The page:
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Faye

Stone cast bronze

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My grandfather was gifted this Stone cast bronze sword by some of his students, but as it doesn't have a handle he asked me to give it one.

My grandparents are very historical minded, my grandmother is a historian, so I really would like to put a historically accurate handle on this sword. That said I'm not sure what kind of sword this is, other than something from the Greek/Roman era. Any insights are very appreciated, on style, material, ect... What really has me stumped is that the front two pin holes are on a thick domed surface and I'm not sure what to do with that because I'm a little hesitant to take it to the grinder.

Demensions are...

21 1/2" overall length.

3 1/2" from the top of the front two pin holes to the back of the handle.

1" wide at the widest part of the handle.

Again, any and all help is appreciated. Happy Easter, and thanks for looking.

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I’m sure someone with more knowledge will chime in soon but ITM you may want to look at this thread to get an idea.

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That is the very thread you need.  Or just ask Jeroen or Ibor.  They are the bronze age gurus.

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Thank you for that link. That answered my question about how to work around the domed area.

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Don't forget to post a pic when you're finished.

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Went through some serious head banging moments with getting the fit right, but it turned out to be really fun once I got it started right. I used Applewood for the handle, they were the only blocks of wood I had around that were wide enough to work, and brass pins. The two top holes in the tang were unfortunately drilled lopsided before I received the blade. I attached the pommel by pins and epoxy.

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Elegantly shaped handle for an elegantly shaped blade! You're getting better and better! 

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I might have made the pommel just a little smaller but that could just be me but you did a great job either way.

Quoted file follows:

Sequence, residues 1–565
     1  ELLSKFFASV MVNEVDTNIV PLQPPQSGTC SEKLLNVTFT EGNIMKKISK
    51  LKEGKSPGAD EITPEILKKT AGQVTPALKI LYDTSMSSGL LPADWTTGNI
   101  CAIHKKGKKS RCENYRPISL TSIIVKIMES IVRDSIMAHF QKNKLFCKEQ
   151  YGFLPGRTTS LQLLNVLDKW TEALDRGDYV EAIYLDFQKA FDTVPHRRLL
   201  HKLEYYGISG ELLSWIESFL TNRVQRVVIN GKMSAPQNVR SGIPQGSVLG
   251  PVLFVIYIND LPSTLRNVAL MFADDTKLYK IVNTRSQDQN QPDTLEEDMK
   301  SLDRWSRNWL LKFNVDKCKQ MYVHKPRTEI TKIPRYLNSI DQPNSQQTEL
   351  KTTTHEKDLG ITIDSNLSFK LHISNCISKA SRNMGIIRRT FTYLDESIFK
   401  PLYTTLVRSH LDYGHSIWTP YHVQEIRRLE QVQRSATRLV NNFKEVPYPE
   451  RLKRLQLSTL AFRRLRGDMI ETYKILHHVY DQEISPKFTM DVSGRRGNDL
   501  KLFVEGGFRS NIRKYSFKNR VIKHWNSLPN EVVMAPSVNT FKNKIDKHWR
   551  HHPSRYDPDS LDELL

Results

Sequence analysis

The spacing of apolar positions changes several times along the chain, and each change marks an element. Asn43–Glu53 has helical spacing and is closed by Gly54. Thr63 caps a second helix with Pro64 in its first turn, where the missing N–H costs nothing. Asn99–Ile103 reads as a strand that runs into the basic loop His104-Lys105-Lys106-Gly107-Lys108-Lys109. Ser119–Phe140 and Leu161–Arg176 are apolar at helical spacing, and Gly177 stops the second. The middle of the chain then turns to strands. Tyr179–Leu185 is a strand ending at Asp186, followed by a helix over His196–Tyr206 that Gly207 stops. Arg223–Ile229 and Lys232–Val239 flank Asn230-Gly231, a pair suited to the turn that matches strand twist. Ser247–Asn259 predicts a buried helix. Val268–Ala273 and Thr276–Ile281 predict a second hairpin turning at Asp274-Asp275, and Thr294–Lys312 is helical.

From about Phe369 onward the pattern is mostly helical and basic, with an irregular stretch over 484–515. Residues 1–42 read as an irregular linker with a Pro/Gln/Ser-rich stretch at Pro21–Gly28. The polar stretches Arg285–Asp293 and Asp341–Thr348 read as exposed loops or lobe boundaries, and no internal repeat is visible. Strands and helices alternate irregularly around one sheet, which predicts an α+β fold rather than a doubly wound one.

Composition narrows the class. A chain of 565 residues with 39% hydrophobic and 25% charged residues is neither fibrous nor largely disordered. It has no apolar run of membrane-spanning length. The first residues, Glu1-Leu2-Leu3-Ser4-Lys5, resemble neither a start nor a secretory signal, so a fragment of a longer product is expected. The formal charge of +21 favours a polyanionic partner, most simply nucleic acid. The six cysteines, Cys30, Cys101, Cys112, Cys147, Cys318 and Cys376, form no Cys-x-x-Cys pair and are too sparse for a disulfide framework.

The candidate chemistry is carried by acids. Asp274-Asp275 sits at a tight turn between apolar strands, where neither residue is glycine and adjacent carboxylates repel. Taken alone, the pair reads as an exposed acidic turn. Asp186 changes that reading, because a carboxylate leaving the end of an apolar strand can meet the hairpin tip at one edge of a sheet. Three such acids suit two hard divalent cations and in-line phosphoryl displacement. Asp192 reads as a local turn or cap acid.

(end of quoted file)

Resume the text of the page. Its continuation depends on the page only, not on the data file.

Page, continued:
Doug

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7 hours ago, Doug Lester said:

I might have made the pommel just a little smaller but that could just be me but you did a great job either way.

Doug

I kinda feel the same way, but it feels good in the hand and since the blade is as heavy as it is it seems to give a sense of balance when you hold it, so that's why I decided to leave it.

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You are rockin' Faye! That is some sweet work fitting that together.

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I only just see this thread now. You're not far of, but some differences in shape were used with regards to the pommel shape and the hilt ending. Of the Ewart Park style sword, several examples have been found where the hilt was made either partially or entirely of (hollow) bronze, which show what the hilt shapes would have been. 

hilted_ewart_park_swords4.jpg

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And there's also one with horn hilt plates remaining, but the pommel not preserved. I've reproduced that hilt on one of my Ewart Park swords (blade cast by Neil Burridge).

EwartPark_sword_with_horn_hilt_Dell-Aird-Lewis.jpg

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3 hours ago, Jeroen Zuiderwijk said:

You're not far of, but some differences in shape were used with regards to the pommel shape and the hilt ending.

So less like a baseball more like a mushroom:D

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1 hour ago, Faye said:

So less like a baseball more like a mushroom:D

Hard to say for sure. Those old ones may have gotten flattened out during a few battles...….:D

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12 hours ago, Faye said:

So less like a baseball more like a mushroom:D

Exactly, and a bit oval in top view. 

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